Players: Emma, Barrie, Philip, Paul, Jon, Johan, Scott, Tonio, James, Gareth
Evicted from our usual residence in the Riverview room, the IBG'ers re-located to the Conservatory, which, to be fair, worked out ok (apart from some disconcertingly sticky tables...)
Gareth was due to be starting the Formula D season off tonight, but somewhat ironically, his car broke down on the way to the club. He still managed to valiantly get himself to the London Apprentice, but in a strange case of board games imitating life, proceeded to drive his little plastic car about as successfully as his real-life one........
Fortunately, the Apprentice staff had reserved 3 of the largest tables in the Conservatory (although as it happens, we only actually needed 2), which meant that there was plenty of room for the earlier arrivers to have another go at -
Nicht die Bohne!
This was new to Jon, Barrie and Paul, but the only thing that really needs explaining is how you get to select which cards to pick up (you get to choose a card after another player chooses yours). This is a neat little mechanic which makes it a bit different from the numerous other set-collecting card games out there.
James suggested some strategic moves to the new players, and then succumbed to one of the dreaded ‘Nicht die Bohne’ cards, and a minus card, to leave his score at halfway rather unimpressive.
Scott and Barrie were building up their scores nice and steadily, whilst Jon was busy trying to protect his pile of red cards, which were the only ones that he was going to end up scoring with. Paul however, had started to build quite a stack of yellow cards, and then whipped the yellow ‘x2’ from in front of Jon to give himself a very tidy score.
Jon managed to protect his red cards, but having a minus score in another colour resulted in an embarrassingly low final total. James’ fortune picked up in the second half, resulting in a close race for second place.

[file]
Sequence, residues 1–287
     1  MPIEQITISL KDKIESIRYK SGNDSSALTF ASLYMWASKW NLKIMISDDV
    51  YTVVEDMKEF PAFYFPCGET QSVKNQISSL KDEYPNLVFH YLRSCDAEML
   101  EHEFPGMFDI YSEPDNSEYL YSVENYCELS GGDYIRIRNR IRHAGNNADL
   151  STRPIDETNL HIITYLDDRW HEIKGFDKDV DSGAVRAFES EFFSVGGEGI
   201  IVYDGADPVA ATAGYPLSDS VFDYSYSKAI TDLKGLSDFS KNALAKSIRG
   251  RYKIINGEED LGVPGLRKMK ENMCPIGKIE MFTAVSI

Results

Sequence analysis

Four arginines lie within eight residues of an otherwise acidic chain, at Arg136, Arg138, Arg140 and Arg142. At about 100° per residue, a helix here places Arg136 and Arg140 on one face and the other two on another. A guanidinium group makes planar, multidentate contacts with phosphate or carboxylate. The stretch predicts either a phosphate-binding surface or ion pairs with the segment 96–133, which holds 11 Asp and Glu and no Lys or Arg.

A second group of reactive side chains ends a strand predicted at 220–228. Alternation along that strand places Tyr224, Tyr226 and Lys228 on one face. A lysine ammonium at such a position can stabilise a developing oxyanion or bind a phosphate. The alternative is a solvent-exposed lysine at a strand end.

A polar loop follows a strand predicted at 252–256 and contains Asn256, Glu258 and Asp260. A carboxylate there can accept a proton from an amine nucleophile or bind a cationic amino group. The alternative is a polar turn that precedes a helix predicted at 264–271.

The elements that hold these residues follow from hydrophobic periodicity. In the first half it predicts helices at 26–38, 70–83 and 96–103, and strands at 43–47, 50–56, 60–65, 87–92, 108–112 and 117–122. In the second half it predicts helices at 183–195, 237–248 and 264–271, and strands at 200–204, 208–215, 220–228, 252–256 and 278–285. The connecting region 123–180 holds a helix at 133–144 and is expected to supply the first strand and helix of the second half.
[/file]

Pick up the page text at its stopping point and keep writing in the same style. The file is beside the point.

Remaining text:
But there was no catching Paul, who ran away with it having quietly racked up a very impressive total.
Paul 63; Scott 47; James 45; Barrie 44; Emma 29; Jon 20
Having failed to get this to the table last week, Tonio tried again, and this time found 3 willing accomplices to play –
This is a pretty-looking game, based around fruit collection and delivery on the island of Mallorca. Tonio did a good job of explaining the rules, which, to be fair, are relatively straightforward. The central mechanic is based around a rondel, which the players move their workers around to collect different types of fruit in varying quantities. They also pick up ‘donkey tokens’ along the way, which enable them to convert their collection of fruit into deliveries (max 6 per donkey), which in turn translate into victory points.
This was certainly a learning game for the 3 newbies. First lesson learned by Jon was – “Don’t deliver less than the maximum 6 fruits on any turn”. His early delivery of only 4 bunches of grapes didn’t help his cause much.
The rondel became quite congested during the opening phase of the game, resulting in Paul and Jon picking up 5 and 6 figs respectively. Tonio was next to play, and pointed out that if he were to move onto the fig space, there wouldn’t be enough in the supply to collect, therefore Jon and Paul would lose all of their figs. He gallantly chose not to undertake this move, but Johan showed himself to be a big fat fruit thief by using a special move token to do exactly that. His haul was 7 figs, whilst Jon and Paul lost all of theirs. This swing of a dozen pieces of fruit is certainly significant in a game of this nature, so Jon and Paul spent the rest of the game scowling grumpily at the figging Dutchman.
Halfway through the game, Tonio suddenly revealed that he had collected a complete set of delivery tokens, resulting in a bonus score of 7 points. It was quickly becoming obvious that the finca tiles (worth 5 each) and the bonus tiles were going to contribute significantly to a players’ final score (and when I say “a player” I mean Tonio…)
Not content with stealing lots of fruit, Johan now decided to start donkey rustling, and, with a vindictive move on the rondel, succeeded in making Paul and Jon lose 3 donkeys each. Two words – Game Over.